Rail companies and union negotiators reached a tentative agreement early Thursday morning that includes quality of life concessions by the rail companies.

The agreement came after 20 solid hours of negotiations at the U.S. Department of Labor. It averts an imminent strike planned for Friday that would have stopped North Platte’s Bailey Yard and rocked the U.S. economy.

The Association of American Railroads says the contract will provide engineers, conductors, and signal workers with a 24% wage increase over five years 2020-24. Workers have been operating under the previous 2015 agreement because of disagreements over a contract that should have started in 2020.

The new, tentative agreement will now go to a vote of members, a process that is expected to take a few weeks.

There would be an immediate payout to workers of on average of $11,000 upon ratification, to catch up on three cost-of-living raises since 2020. That includes a 3% COLA in 2020, 3.5% in 2021 and 7% in 2022. The COLA raises in the next two years will be 4.5% in 2023 and 4% in 2024.

The agreement also includes bonus payments totaling $5,000, or $1,000 per year for the five years.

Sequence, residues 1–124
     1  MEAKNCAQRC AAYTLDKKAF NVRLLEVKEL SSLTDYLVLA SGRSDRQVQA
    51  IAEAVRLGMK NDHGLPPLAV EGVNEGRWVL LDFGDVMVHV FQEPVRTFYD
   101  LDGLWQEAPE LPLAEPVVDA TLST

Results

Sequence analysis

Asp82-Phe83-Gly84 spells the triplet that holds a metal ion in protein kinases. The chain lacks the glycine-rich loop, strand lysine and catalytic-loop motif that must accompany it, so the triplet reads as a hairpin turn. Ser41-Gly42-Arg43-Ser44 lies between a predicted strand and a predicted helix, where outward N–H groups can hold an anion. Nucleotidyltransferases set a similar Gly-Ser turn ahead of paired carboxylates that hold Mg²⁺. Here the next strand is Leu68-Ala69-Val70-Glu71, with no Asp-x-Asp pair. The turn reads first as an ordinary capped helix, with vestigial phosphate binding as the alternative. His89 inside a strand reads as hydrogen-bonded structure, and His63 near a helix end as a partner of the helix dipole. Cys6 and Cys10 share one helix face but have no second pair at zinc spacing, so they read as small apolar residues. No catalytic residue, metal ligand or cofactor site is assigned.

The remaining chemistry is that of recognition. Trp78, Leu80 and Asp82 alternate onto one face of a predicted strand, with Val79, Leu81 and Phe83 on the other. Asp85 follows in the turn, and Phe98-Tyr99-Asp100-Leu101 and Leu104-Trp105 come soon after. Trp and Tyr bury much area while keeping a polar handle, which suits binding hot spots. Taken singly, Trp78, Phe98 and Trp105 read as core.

According to a report by Trains magazine, the unions were also able to get concessions from the railroads on attendance policies and two-person crews, which were major sticking points in the contract negotiations that began in January 2020.

Also, there will be no increases to insurance copays and deductibles. For the first time, the unions negotiated contract language exempting time off for certain medical events from attendance policies, said the BLET (Brotherhood of Locomotive Engineers and Trainmen) and SMART-TD (Transportation Division of the International Association of Sheet Metal, Air, Rail, and Transportation Workers) in a joint statement.

Other provisions would create voluntary assigned days off for conductors and engineers working in thru-freight service, and all members will receive one additional paid day off. Members will be able to take time away from work for routine and preventive medical care and be exempted from attendance requirements for hospitalizations and surgical procedures, BLET and SMART-TD leaders said.

The White House said the deal balances the needs of workers, businesses and the national economy.

© 2022 The North Platte Bulletin. All rights reserved.